NEEM - the Plywood Eating Camp – University of Copenhagen

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16 July 2009

NEEM - the Plywood Eating Camp

Sverrir, the Plywood watchman

Sverrir guarding his pile of plywood sheets.

It is amazing how many sheets of plywood that is used every week. With each flight period 20-30 sheets of plywood are shipped to the camp – and often there exists plans for the use of the sheets. But before the plans have been realized, the plywood has been used for other purposes – under tents, for shelves, for boxes…..  Sverrir has a dream of building a Sauna at NEEM and we are still hoping that one day the plywood sheets will be there for him….

What we have done today:
1.Drilling with the NEEM long drill: 15.00 m. Drillers depth: 1173.92m
2. Logging 85.44 m of core. Logging depth 932.49 m
3. CFA analysis: 15.40 m. Depth: 409.75 m.
4. Made a little extra core buffer for the science trench
5. Shallow drilling at the air-firn village. Present depth 20 m.
6. Prepared for a second NEEM 2009 shallowcore

Ad.1: Driller’s Report July 16, 2009: “In the drill trench we have experienced alternating good and bad runs today. High drilling current plagues the bad runs right from the start of drilling (short cores) despite a low cutting pitch of less than 2 mm.  A consistent pattern has yet to emerge today, so our efforts will be focused on the drill head, cutting pitch and reexamining the position of the central booster, one step at a time.  One possibility is that the hollow shaft was inadvertently reassembled yesterday in a way that did not account for the
3 mm modification to the junction piece which makes the shaft slightly longer and positions the pump properly in the inner sleeve“.

Ad. 5. Firn air program NEEM 2009: A sealed borehole will be drilled to a depth of 80m, enabling measurements of ultra-trace compounds at various depths. We will measure the concentrations of a large range of gases that are active in global climate, stratospheric ozone depletion, atmospheric chemistry and pollution.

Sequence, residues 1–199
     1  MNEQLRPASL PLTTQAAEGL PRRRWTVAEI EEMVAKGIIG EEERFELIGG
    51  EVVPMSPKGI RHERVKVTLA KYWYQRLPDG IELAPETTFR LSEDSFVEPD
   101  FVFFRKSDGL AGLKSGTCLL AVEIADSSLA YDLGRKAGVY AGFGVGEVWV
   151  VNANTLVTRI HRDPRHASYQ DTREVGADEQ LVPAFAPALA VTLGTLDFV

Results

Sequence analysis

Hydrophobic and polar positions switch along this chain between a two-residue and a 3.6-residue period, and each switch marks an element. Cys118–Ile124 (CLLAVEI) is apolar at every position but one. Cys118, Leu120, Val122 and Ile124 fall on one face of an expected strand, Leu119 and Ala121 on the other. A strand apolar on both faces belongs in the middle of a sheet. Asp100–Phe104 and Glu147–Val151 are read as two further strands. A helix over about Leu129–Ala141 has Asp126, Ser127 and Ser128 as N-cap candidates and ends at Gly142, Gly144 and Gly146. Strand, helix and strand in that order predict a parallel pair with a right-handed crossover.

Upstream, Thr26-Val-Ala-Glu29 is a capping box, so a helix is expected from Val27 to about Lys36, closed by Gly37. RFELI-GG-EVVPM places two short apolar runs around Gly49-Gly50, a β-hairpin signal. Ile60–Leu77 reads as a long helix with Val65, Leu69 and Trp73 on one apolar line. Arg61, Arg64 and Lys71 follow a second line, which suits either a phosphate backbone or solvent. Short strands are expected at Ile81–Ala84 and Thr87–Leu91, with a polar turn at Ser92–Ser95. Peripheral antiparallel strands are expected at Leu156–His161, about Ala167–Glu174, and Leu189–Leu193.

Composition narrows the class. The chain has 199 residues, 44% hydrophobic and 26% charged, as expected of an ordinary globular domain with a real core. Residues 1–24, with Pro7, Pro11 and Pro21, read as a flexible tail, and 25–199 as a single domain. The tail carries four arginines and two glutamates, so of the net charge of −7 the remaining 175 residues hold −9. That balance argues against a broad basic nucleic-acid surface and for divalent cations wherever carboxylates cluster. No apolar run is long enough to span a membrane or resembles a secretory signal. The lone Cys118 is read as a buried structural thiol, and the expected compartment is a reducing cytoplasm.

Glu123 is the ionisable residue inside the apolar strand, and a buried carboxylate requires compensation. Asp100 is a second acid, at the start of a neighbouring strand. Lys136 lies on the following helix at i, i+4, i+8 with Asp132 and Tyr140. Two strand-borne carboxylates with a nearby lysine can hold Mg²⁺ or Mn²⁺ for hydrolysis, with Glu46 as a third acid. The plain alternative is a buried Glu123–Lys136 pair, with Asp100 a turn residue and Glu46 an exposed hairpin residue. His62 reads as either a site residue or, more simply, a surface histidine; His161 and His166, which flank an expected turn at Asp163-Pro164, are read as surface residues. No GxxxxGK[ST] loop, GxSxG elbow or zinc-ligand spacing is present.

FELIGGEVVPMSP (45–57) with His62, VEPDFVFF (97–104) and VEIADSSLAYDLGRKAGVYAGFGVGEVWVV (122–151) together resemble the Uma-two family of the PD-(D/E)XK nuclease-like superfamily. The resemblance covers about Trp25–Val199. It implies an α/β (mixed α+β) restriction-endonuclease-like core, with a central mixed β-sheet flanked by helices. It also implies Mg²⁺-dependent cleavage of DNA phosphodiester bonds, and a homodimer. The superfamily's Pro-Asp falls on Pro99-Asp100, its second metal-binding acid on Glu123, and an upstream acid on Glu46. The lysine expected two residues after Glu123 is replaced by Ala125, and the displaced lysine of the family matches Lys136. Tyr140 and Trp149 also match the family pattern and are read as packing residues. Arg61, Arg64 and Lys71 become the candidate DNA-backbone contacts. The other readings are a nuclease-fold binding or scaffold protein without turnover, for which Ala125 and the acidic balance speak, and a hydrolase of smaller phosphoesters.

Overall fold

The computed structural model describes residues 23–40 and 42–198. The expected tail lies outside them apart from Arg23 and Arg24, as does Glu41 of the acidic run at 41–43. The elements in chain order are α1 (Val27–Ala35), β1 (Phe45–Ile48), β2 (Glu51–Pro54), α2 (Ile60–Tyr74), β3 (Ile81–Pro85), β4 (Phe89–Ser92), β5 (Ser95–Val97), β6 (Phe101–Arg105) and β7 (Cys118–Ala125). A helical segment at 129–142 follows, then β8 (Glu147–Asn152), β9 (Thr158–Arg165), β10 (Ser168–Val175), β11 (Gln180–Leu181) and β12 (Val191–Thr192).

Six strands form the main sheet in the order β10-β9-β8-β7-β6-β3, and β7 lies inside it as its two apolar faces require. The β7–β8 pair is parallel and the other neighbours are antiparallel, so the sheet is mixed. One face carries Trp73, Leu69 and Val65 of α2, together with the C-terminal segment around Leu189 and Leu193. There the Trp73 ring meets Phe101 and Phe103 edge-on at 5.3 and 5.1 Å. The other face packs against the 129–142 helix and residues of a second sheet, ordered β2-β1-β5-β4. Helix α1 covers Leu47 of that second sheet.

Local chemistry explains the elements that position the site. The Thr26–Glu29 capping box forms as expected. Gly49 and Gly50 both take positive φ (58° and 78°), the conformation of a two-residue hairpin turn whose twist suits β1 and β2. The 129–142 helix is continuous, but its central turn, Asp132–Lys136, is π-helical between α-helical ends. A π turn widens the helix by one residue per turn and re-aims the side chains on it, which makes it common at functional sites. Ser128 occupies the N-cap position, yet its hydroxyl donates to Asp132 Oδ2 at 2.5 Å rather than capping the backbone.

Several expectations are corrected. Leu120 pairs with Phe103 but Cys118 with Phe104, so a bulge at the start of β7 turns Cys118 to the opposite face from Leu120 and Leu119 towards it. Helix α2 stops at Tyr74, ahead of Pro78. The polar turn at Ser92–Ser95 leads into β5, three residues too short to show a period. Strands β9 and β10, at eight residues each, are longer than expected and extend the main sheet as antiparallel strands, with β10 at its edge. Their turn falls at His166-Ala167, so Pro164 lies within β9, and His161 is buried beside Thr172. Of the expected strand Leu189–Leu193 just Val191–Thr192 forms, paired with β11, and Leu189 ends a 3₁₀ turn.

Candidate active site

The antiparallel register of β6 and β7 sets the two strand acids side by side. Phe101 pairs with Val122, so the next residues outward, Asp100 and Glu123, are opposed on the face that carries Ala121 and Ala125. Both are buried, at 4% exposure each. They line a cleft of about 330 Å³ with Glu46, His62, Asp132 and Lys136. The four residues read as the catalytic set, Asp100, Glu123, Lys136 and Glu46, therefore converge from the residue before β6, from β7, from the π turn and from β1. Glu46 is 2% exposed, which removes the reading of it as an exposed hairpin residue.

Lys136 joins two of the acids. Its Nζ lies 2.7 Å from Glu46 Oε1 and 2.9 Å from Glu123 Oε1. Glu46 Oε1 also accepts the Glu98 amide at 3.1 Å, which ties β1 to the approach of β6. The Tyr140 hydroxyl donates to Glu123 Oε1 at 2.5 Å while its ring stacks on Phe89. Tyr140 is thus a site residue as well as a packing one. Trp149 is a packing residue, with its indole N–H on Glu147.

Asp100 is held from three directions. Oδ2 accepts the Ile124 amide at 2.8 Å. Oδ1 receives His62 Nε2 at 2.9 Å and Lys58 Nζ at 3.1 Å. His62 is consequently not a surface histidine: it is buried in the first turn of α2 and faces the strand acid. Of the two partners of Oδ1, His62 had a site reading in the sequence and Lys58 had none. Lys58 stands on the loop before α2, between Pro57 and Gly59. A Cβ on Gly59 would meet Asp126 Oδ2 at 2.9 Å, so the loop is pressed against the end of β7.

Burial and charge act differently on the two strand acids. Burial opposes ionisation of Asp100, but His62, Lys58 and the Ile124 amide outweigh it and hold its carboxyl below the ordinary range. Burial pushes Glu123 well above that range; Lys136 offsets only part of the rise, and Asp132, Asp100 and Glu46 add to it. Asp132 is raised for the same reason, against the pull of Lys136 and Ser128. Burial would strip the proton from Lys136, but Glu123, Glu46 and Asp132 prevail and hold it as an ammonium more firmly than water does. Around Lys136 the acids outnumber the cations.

Anne drilling shallow cores 

Anne drilling shallow cores with the three inch drill at the firn village 2 km from NEEM

For example, the concentrations of carbon dioxide, methane and carbon monoxide, and their isotopes, which are tracers of the sources of these important gases. Some gases such as mercury vapour and the CFC’s are at concentrations of only parts per trillion. The firn air record also bridges the ice core gas record to the present day and reveals how much the longer atmospheric record is smoothed during enclosure into bubbles in the ice. The firn air program at NEEM in 2009 is being undertaken by atmospheric and climate scientists from CSIRO (Australia) and the CIC (Denmark), LGGE (France), University of Colorado (USA), and University of East Anglia (UK) and IMAU (Netherlands). The cores drilled to access the firn are being analysed by scientists from Dartmouth College (USA). And of course drilling and general support is being provided by people from the main NEEM camp.
Every day, the firn people head off on skidoos or skis to the firn “village” 2 kilometres from the main camp, returning tired, hungry and a little sunburnt for meals and a rest.

Weather: A warm day with night temperatures between Wednesday and Thursday down to -10 and -3°C and day temperatures up to -2°C. Wind 8-14 kn from S to SSE

FL, Dorthe Dahl-Jensen

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